One small candle.
Landing on a wild coast. Engraving by Adriaen van de Venne, ca. 1630.
Oral History Unlimited
Second, the film generalizes inappropriately from the two times (George Weymouth in 1605; Thomas Hunt about ten years later) when English explorers kidnapped Indians to take them back to Europe and falsely claims that this was a common occurrence “up and down the coast.” In fact, those two captains were vehemently condemned by other Englishmen, including Bradford and Winslow, who did not want to offend potential trading partners among the Indians.
Finally, fake conversations are added to Winslow’s reports to twist his denial that the Pilgrims robbed graves into an assertion that they did. This claim is reiterated. The film lies outright, in asserting that the Pilgrims robbed Indian graves as a matter of course. On the contrary, when they realized what mounds were Indian graves, they ceased digging in them and did not disturb bodies. Still discovering that such mounds could be burials, Pilgrims did retain a few trinkets from the grave of a European sailor they had opened, but they reburied him with due respect. They chose to avoid entering and desecrating an Indian cemetery. Winslow wrote, “Within it was full of graves, ... yet we digged none of them up , but only viewed them and went our way.” Winslow reported that, exploring a mound for the first time, the Pilgrims dug and found a bow and some broken arrows, “but because we deemed them graves, we put in the bow again and made it up as it was, and left the rest untouched, because we thought it would be odious unto them to ransack their sepulchres.” As Richard J. Evans writes in “Postmodernism and History,” falsifying documents can involve “not just leaving words out from quotes but even putting extra words in to change the meaning.” In the film, curious Pilgrims dig a mound. One remarks, “Looks for all the world as a grave.” Winslow responds, “Dost thou not think the savages will find it odious of us to ransack their sepulchres?” Another retorts, “The savages are not here!” Glancing around to check, Winslow says, “I hope not.” The film cuts to advertisements, leaving us with an Image of crude, insensitive grave-robbing marrauders. After the long interruption, the narrator recapitulates, telling us that “The Pilgrims have found an unusual earthen mound in an empty Indian village. Despite concerns that it is a grave, they dig.” The actors discover a buried supply of corn. An expert says, “Some of them find corn, and in other mounds they find graves. And instead of just covering them up and walking away very quickly, some of them actually take to looting the graves.” This deliberate contradiction of the documentary evidence discredits the only historical record there is about the Pilgrims’ attitude of respect towards Native burial customs.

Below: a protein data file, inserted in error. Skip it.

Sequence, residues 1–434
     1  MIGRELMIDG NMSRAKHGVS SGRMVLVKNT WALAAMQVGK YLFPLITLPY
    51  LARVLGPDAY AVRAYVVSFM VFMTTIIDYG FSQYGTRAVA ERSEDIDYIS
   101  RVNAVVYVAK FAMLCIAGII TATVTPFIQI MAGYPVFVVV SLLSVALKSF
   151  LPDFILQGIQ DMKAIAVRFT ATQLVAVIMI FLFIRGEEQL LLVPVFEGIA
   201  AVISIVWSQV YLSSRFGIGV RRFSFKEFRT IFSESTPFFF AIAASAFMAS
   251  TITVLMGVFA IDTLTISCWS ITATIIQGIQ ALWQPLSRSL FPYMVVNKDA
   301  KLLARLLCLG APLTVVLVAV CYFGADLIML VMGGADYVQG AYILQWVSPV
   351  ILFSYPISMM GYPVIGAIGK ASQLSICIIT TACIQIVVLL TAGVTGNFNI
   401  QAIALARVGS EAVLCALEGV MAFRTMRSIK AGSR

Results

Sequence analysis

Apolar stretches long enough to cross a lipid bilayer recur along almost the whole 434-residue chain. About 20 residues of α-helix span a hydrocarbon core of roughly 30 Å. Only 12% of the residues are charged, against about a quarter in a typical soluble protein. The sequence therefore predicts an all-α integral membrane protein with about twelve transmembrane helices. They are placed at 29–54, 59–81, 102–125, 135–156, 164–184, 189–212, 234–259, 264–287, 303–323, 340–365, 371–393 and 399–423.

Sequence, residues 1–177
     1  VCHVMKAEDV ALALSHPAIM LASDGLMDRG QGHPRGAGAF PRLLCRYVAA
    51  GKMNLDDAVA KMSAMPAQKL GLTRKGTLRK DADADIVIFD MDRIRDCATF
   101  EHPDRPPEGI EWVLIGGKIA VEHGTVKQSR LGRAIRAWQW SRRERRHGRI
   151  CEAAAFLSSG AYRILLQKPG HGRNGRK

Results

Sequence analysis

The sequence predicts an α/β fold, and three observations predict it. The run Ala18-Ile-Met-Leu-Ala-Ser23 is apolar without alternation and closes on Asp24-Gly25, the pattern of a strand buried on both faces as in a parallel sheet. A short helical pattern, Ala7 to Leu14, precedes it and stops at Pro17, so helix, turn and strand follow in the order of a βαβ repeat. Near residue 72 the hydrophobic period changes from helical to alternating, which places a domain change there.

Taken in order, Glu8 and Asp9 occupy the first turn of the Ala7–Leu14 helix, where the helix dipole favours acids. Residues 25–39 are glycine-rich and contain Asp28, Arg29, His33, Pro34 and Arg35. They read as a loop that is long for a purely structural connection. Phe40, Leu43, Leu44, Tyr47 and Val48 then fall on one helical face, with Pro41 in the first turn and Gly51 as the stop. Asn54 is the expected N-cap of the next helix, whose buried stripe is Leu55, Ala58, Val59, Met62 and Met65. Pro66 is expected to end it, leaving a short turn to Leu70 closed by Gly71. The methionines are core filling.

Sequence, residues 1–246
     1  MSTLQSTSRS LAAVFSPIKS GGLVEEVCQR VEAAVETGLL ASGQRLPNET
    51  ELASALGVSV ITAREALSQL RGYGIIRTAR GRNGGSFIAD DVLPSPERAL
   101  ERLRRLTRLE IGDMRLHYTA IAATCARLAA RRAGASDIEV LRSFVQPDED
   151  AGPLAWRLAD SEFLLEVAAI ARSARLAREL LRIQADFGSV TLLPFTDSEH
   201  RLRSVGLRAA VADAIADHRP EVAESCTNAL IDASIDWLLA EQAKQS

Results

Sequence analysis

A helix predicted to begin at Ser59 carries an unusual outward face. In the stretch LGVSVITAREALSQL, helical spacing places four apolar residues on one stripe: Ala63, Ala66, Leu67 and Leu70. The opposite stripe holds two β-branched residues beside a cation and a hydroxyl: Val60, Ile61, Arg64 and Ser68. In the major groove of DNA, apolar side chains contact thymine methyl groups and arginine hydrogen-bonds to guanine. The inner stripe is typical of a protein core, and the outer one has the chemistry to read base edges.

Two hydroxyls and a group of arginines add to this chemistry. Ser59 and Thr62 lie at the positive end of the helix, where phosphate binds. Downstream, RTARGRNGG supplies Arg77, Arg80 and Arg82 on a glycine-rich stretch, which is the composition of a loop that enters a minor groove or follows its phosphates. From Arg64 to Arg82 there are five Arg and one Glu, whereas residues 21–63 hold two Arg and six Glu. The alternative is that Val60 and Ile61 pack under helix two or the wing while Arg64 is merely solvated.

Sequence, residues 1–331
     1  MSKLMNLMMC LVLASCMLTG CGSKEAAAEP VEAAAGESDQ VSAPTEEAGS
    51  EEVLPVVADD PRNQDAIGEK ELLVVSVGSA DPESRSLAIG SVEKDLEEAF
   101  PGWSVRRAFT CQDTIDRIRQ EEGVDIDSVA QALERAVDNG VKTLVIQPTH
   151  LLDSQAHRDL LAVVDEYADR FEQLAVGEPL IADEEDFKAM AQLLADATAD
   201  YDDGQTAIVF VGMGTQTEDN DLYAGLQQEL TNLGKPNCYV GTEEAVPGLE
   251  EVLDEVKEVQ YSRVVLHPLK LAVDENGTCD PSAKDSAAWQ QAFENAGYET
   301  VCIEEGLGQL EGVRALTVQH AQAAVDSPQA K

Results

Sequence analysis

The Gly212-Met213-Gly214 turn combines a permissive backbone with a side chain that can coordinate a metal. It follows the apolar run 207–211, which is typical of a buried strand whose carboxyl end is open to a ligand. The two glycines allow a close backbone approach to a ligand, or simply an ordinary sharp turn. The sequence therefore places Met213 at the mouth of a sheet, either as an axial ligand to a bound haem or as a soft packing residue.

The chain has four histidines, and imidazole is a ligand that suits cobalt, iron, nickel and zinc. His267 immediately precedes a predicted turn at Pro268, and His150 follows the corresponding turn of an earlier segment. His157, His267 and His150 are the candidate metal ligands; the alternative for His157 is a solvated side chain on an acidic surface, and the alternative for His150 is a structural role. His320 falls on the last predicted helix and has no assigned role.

An essential anachronism is ignored. The writings of the seventeenth-century are there to be analyzed. The Pilgrims’ words constitute a view of reality from the time of the events, whatever their polemical intent. Native views, on the other hand, are what people have invented in the last thirty-five years or so, in an attempt to imagine what their ancestors should have thought or would have done. People have been making it up. No traditional memory goes back unaltered to the seventeenth century. Instead, twentieth-century recollections refer to what has been passed down recently – perhaps stories told by grandparents or their contemporaries. The people who provided such oral history in the twentieth century were themselves representatives of a tribe that has a longer tradition of literacy than any other in North America, a tribe whose complex interactions with non-Native society are as far away from isolation as can be. The “memories” were inspired by their own or their elder relatives’ reading and reacting not only to the very colonists’ writings they oppose but also to twentieth-century polemics. Representatives of ethnic identity tell about the encounter with colonists the way they’d like it to have been described if there had been any alternative record. A major source of such speculative invention is the Wampanoag Indigenous Program of Plimoth Plantation. The film presents that institution’s view of historical events based on imaginary long-standing aggrieved memory as an equally valid corrective to the self-serving narratives of the Pilgrims. Instead of discussion and analysis of evidence, we see its mangling to conform with modern sentiment.